Present Moment 3: Making Memories

by Underdue Support on November 3, 2011

All of us have memories of various times in our lives.  Sometimes they are of good times and special, fun events.  Sometimes they are memories of sad times or loss.  Experiencing your present moments doesn’t mean that you have no memories.  On the contrary, it is often things that happen now that remind us of things that happened a long time ago.  Memories are important in defining who we are. Letting ourselves remember other times is part of embracing all of our life experiences, good and bad.  We are not trying with these exercises to get you to leave your past behind.  We are trying to get you not to live there.

When you work to stay in the present, you are really working to create memories. I read about a middle aged man who always thought his father should have taken the time to fix the cruddy bathroom in their house. Somehow he never got around to it. Instead they spent time as a family taking trips or enjoying picnics and time together. He decided as an adult that it wasn’t very likely he would have sat around remembering the wonderful bathroom in his home the same way he sat around and remembered those great family vacations. When you stop and pay attention to the now, you are creating memories – for you, your children and your family. I suspect if we thought about that each time we were trying to decide what to do next, we might make very different decisions.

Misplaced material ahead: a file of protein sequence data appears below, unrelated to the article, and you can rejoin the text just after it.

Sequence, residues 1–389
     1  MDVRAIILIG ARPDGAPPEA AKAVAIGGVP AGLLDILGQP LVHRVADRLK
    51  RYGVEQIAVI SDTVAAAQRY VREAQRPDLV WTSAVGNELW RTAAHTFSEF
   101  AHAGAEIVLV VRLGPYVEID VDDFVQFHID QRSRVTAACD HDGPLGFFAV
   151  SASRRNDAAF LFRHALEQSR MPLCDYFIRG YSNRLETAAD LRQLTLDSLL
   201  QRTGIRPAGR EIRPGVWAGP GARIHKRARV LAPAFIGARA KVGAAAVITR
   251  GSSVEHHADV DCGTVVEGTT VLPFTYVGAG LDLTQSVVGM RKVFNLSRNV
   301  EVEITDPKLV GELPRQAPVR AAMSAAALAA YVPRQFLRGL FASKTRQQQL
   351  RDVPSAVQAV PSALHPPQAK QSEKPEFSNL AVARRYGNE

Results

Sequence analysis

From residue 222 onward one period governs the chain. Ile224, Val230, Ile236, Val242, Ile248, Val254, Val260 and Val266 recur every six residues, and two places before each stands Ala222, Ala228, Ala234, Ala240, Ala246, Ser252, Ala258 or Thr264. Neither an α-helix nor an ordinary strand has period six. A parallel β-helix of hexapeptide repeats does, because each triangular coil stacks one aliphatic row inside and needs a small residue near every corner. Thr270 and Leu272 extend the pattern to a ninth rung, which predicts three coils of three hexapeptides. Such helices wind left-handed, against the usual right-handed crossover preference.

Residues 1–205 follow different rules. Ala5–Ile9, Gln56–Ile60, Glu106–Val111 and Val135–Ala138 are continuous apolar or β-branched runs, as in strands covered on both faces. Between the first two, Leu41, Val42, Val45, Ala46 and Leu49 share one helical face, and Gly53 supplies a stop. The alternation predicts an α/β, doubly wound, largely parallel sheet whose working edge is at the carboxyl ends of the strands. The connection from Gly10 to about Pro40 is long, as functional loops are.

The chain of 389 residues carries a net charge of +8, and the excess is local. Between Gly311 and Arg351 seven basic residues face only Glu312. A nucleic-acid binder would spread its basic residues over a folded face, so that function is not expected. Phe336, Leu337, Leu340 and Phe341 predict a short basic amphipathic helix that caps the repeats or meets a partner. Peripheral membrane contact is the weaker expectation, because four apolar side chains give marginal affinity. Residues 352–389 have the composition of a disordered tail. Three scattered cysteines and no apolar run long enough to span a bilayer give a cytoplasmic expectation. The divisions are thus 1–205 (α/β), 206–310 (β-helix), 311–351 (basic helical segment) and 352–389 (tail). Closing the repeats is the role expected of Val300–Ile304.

So the point here is to use the present to create the memories that you can embrace as you move into the next present moment. Remember your past, experience the present and create the future. Don’t live in the past and miss the present, thereby creating a future you don’t want. Or, don’t be so concerned about the future that you miss both your past and your present. It’s about balance, folks. If you stay in the present, you can turn and look both directions. It’s kind of a circle of life thing. Yeah, corny I know. But just because it’s corny doesn’t mean it isn’t true.

So, your exercise for today – look at everything you do for the next week and think about how your child, spouse or family will think about that very same event 10 years from now, 20 years from now, when you are talking to your grandchildren. “In every deliberation which must consider the impact of our deliberations on the next seven generations.” This quote is often attributed to the The Great Law of the Iroquois Confederacy. Maybe we need to start using that rule to measure our present moments.

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